The price will also depend on the excess – which is the amount you pay for each claim. This can range from zero to £1,500 and the higher the excess selected, the lower the premium cost. On most policies you pay the excess just once, with no further excess applied to treatments within the year the policy covers.

We asked myTribe for typical costings for comprehensive cover for people in different age ranges, assuming a £100 excess and that the person does not smoke.

It said a 30-year-old would pay about £69 a month/£828 a year; a 40-year-old £85 a month/£1,020 a year; a 50-year-old £115 a month/£1,380 a year; and a 60-year-old £175 a month/£2,100 a year.

The vast majority of new policies are written on what is called a “moratorium” basis, which means pre-existing conditions for which you have received any advice, treatment or follow-up in the past five years are automatically excluded. Because of that, insurers do not need you to send in a medical history. But when you make a claim, they will ask your GP if the condition was there prior to your policy start date.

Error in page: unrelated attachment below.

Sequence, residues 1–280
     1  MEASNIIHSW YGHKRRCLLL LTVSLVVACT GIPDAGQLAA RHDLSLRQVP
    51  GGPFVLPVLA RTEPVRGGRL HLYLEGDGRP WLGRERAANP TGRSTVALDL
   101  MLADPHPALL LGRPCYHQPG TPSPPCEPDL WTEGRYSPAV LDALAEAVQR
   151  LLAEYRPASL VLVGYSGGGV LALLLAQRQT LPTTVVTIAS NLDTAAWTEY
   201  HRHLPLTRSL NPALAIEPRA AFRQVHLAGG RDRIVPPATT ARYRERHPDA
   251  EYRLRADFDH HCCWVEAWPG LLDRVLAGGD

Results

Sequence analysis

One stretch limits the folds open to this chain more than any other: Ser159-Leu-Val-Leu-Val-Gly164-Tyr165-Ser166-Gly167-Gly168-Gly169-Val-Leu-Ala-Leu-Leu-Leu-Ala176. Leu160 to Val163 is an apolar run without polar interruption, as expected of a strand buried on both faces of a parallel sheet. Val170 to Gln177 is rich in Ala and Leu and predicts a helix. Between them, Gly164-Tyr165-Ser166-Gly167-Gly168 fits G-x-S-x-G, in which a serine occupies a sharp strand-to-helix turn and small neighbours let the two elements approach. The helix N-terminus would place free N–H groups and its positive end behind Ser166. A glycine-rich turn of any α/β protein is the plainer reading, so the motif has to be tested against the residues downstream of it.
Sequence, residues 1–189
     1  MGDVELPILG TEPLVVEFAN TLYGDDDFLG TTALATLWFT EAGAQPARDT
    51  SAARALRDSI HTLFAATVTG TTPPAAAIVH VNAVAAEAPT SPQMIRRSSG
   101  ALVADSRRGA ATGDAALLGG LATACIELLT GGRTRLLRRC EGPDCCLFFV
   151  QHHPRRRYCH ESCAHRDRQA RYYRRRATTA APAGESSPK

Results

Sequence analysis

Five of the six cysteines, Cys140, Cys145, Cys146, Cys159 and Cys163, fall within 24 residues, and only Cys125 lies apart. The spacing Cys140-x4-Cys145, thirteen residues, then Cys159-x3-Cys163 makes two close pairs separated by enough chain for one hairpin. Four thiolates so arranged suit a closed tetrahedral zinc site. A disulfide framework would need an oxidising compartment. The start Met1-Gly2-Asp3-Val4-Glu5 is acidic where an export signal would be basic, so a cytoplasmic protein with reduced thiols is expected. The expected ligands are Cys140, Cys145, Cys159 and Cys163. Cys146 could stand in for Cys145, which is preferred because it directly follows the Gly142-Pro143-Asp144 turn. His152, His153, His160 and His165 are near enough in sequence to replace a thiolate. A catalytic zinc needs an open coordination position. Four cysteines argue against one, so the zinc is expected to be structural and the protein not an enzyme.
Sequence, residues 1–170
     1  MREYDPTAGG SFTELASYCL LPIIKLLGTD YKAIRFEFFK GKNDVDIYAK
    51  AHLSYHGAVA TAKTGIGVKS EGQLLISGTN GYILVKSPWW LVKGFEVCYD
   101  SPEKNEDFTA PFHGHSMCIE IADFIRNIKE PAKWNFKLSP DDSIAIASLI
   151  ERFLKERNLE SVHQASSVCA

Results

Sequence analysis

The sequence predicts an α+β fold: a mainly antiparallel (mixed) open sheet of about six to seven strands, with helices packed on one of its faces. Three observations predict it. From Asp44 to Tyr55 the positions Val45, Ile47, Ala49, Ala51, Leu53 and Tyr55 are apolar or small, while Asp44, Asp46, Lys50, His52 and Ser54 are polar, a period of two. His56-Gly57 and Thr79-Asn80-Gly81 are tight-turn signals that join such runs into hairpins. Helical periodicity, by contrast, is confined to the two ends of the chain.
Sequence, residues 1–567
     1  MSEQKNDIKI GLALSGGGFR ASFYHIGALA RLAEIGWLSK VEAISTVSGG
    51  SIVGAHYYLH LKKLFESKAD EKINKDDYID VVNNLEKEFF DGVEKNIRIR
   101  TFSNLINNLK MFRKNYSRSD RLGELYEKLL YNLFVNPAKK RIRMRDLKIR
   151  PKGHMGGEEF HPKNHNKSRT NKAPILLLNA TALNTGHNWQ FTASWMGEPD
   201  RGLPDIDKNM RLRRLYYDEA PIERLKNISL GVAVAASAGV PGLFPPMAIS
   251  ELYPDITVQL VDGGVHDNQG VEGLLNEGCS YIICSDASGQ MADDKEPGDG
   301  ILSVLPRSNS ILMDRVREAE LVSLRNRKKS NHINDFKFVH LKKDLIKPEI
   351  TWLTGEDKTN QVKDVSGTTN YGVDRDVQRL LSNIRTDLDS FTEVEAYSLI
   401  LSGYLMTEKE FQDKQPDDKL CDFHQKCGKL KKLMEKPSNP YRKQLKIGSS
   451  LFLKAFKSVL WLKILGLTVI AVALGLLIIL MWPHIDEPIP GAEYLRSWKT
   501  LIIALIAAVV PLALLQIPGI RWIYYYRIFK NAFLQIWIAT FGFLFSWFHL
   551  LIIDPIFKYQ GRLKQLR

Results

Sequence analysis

As for whether an existing policy will cover you for treatment related to coronavirus, in medical emergencies private healthcare is of little use. The insurers generally say they do not cover testing and screening and expect the NHS to provide for any Covid-19 treatment.

During the emergency stage of the pandemic, with many private healthcare facilities taken over by the NHS, obtaining elective surgery proved very difficult – and in any case, many people did not want to visit a hospital. One provider, WPA, said there was a “notable reduction” in private medical claims during the lockdown and has since issued two refunds to customers, worth about 7% of its revenue. But other insurers are yet to follow suit, arguing that pent-up demand will cause claims to rise rapidly in coming months.